Among the countries who submitted 30 or more isolates, the lowest fluoroquinolone resistant or nonsusceptible rates were documented for France (n = 53, 7.5% for ciprofloxacin and moxifloxacin) and the UK (n = 46, 8.7% for ciprofloxacin and 6.5% for moxifloxacin). Highest rates were documented in isolates collected from Germany (n = 45), with a 31.1% for both drugs.[33] Methicillin resistance was only 9.1% for this group with the highest rates reported for Germany at 20.0%. These rates were significantly lower than those reported in the current study and/or those highlighted in the ARMOR study.

Methicillin resistance among coagulase-negative isolates (n = 313) averaged 55%. The highest rates were observed in Spain at 75% (n = 32) and lowest in the UK at 48% (n = 50). Fluoroquinolone resistance ranged from 6.0% to 48.5%.

A total of 70, S. pneumoniae, 64 H. influenzae, and 39 P. aeruginosa isolates were submitted during the 20 months test period. All isolates were 100% susceptible to moxifloxacin and/or ciprofloxacin, except P. aeruginosa. Nonsusceptibility to ciprofloxacin among P. aeruginosa i n the European study was 10.8%. This rate was 5-fold higher than the 2% rate reported in this study and 3-fold higher than for isolates in the ARMOR study.

Results for S. pneumoniae and H. influenzae were in line with the results for the current and ARMOR studies. Comparative result should be viewed, however, with caution due to the low numbers in the European study.


Worldwide, susceptibility to the aminoglycosides is also impacted by use, availability, and disease profile. In areas where fluoroquinolone monotherapy has supplanted traditional use of the aminoglycosides with a cefazolin for dual therapy, in vitro susceptibilities rates are higher.[34]

Sanfilippo et al. documented differences in nonsusceptibility for gentamicin and tobramycin among S. aureus, CoNS, and P. aeruginosa in a recent surveillance study from Europe.[33] Nonsusceptibility rates for gentamicin among the staphylococci ranged from 2.0% to 28.4%, with highest rates for coagulase-negative isolates. In contrast, the rates for tobramycin against the same isolates ranged from 9.5% to 39.9%, again with rates highest among the coagulase-negative strains. Rate for P. aeruginosa was 2.7% for both gentamicin and tobramycin.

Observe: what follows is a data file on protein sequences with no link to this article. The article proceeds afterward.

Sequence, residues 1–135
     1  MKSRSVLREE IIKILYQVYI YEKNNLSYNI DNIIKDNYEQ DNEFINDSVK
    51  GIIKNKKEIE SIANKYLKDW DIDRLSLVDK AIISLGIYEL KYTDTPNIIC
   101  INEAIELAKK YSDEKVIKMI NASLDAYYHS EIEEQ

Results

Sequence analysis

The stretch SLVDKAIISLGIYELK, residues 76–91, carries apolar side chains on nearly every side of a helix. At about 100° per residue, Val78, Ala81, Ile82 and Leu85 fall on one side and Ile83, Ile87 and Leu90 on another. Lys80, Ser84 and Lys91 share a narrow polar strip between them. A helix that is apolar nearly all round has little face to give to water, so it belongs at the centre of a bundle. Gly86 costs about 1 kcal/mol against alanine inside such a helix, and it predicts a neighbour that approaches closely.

Cephalosporins remain treatment options for treating bacterial conjunctivitis, keratitis, and endophthalmitis. In areas with high MRSA, MRSE, and MRCoNS rates, their use are limited. Nonsusceptibility among the cephalosporins (cefazolin, cefuroxime, and ceftazidime) is correlated with methicillin resistance. Isolates resistant to methicillin confer resistance to all beta lactams.[25],[35]

The second-generation cephalosporins have varying activity against members of the Enterobacteriaceae and the streptococci and are ineffective against P. aeruginosa.[25]

Ceftazidime susceptibility among Gram-negatives retains >95% for Gram-negative Enterobacteriaceae and P. aeruginosa in this study.


Vancomycin susceptibility remains >95% for the most common Gram-positive ocular isolates with ranges from 99% to 100%. No true vancomycin-resistant S. aureus and/or S. epidermidis have been documented among ocular isolates in any of the surveillance studies in the United States. Reports of VRSA using disk diffusion are inappropriate and unreliable. Disk diffusion is not an acceptable method for detection of vancomycin intermediate and or resistant isolates.

Vancomycin-resistant enterococci have been recovered from cases of posttraumatic endophthalmitis. The majority of these have been Enterococcus faecalis and/or Enterococcus faecium associated with previous ocular surgery and immunosuppression.[36],[37] Hillier et al. describes a case of Enterococcus gallinarum following trauma.[38]

Limitations of this study include its retrospective nature and current issues of patient sampling frequency, in vitro susceptibility testing and interpretation. Our center is a tertiary referral center and isolates and susceptibility profiles may reflect recovery of pathogens with a different pathology and susceptibility profile. The use of the Clinical Laboratory Standards Institute susceptibility breakpoints for serum and tissues may not accurately reflect the pharmacokinetics and pharmacodynamics of antibiotics in ocular tissues and fluids.

Spectrum and diversity of ocular pathogens along with their in vitro susceptibility patterns are influenced by climate, geographic region, patient populations, and prior antibiotic exposure. These factors may compromise extrapolation and application of these and similar surveillance data to other regions.

   Conclusion Top

The spectrum and diversity of ocular pathogens have not changed significantly, over the last 10 years. What has changed is the declining rate of the in vitro efficacy of fluoroquinolone as coverage for the most common ocular pathogens, worldwide.

Fluoroquinolone monotherapy as standard therapy for common ocular infections should be reassessed. Ophthalmologists must become proactive and join the crusade to develop practical, prudent, and collaborative efforts in antibiotic stewardship for improved patient safety and optimal visual outcomes.

Financial support and sponsorship


Conflicts of interest

There are no conflicts of interest.

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  [Figure 1]

  [Table 1], [Table 2], [Table 3], [Table 4], [Table 5], [Table 6], [Table 7]